November 14, 2017

A new Environmental Protection Act is in the Making

A new Environmental Protection Act is in the Making

Malaysia's new Environmental Quality Act will provide better legal safeguards for the protection of the environment. Photo Credit: Max Pixel

When the current Environmental Quality Act was enacted in 1974, Malaysia’s environment was in a significantly better shape. Most of Sabah and Sarawak were still covered in thick forests, while mainland Malaysia, too, boasted large swathes of virgin forest. Air and water pollution were yet endemic and the nation’s marine environments were in much better health.

Policymakers aren’t oblivious to the negative changes that have taken place over the 40-odd years since 1974. “The problems relating to the environment are becoming more complex,” noted Ahmad Kamarulnajuib Che Ibrahim, director-general of the Department of Environment.

“There are many other issues which arise in our country from technological and economic developments,” he elucidated. “The present act is not sufficient to tackle current issues. We have to be prepared to curb the problem of environmental pollution with new laws which are more comprehensive.”

The draft of a new Environmental Protection Act has been prepared and will likely be ready next year. It has been designed to provide more comprehensive legal safeguards for the protection of the environment, the better to shield the country’s natural resources from further wanton destruction. “We will look at everything in a wider context such as (increasing) fines (on offenders),” he said. “[The Act] will tackle various environmental problems such as those related to bauxite mining in Pahang.”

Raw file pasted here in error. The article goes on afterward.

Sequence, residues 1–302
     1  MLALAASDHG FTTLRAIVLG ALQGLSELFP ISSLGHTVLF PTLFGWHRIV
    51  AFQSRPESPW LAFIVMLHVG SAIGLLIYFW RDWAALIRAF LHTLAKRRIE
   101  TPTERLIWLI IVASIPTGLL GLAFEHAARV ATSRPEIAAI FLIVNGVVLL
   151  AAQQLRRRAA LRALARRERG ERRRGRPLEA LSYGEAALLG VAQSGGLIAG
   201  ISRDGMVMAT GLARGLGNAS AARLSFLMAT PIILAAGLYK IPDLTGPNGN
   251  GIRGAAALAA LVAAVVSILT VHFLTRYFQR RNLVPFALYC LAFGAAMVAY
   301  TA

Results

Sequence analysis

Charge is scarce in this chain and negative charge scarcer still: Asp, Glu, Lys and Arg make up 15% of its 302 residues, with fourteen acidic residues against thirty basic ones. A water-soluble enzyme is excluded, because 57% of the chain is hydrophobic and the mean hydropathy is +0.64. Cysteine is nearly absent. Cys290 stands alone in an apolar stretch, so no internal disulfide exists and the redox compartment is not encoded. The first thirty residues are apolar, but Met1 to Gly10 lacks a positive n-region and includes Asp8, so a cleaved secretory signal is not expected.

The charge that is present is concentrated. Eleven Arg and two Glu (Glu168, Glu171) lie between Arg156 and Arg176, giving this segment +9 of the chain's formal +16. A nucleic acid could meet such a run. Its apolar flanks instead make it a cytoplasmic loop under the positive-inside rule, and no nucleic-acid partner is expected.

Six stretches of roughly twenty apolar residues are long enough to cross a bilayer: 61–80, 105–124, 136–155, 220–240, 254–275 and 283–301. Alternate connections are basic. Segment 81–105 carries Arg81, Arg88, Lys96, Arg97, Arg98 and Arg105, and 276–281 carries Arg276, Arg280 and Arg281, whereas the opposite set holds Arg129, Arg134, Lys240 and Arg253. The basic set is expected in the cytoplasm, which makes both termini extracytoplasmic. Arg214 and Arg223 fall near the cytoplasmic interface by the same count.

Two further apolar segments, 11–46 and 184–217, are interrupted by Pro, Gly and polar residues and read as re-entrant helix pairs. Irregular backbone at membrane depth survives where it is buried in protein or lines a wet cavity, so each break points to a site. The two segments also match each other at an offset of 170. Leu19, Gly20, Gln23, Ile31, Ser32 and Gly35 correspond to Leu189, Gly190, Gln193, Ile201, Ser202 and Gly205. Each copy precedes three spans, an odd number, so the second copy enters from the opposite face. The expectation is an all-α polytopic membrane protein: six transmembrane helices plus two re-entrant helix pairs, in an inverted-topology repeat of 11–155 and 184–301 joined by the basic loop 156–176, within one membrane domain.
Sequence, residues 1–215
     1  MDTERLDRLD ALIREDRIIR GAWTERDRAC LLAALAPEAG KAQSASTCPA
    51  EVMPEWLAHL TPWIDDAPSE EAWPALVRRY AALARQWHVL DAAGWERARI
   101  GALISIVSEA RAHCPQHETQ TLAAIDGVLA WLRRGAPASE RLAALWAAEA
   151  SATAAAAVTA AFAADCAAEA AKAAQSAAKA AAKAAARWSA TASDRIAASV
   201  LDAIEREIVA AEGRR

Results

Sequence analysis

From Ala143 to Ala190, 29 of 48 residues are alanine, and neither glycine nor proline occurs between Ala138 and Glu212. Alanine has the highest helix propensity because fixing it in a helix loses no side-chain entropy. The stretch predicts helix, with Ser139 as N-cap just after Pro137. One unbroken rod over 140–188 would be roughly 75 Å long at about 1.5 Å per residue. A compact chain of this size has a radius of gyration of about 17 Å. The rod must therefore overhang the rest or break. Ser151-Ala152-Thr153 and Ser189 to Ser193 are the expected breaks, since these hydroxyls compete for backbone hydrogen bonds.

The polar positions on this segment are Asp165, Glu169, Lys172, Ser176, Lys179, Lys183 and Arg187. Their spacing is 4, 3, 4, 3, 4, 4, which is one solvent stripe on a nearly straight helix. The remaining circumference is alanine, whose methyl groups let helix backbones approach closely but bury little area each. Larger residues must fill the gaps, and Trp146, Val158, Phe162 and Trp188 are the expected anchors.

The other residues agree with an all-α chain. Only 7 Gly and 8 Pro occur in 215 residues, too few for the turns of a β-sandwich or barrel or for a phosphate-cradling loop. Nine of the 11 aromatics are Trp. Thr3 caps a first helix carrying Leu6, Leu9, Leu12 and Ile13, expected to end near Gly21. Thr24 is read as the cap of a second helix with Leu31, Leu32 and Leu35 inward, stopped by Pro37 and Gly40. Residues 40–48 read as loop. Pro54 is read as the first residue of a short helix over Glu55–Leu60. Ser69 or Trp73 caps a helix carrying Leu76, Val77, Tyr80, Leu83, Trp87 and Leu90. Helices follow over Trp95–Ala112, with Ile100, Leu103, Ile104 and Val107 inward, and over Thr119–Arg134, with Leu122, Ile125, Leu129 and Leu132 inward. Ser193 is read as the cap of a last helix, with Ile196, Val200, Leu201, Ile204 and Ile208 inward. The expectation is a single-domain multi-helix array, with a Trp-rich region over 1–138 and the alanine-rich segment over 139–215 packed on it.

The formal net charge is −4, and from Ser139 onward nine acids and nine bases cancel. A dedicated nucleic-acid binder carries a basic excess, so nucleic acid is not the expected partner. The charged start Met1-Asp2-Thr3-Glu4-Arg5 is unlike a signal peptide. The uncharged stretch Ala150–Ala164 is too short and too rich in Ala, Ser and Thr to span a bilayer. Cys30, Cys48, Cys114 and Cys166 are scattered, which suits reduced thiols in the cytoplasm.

Just about time too. A problem that has beset environmental conservation in Malaysia has been a lack of clear-cut laws. Inefficient enforcement of existing laws, too, has been a major hindrance to more efficient environmental protection. This needs to change.

Encouragingly, several policymakers, including Natural Resources and Environment Minis­ter Wan Junaidi Tuanku Jaafar, have been clamoring for better and tougher environmental laws so as to protect what’s left of the nation’s justifiably world-renowned but constantly embattled natural habitats. These new laws are aimed at creating a uniform legal framework for all the states across the nation to ensure consistency in environmental protection measures.


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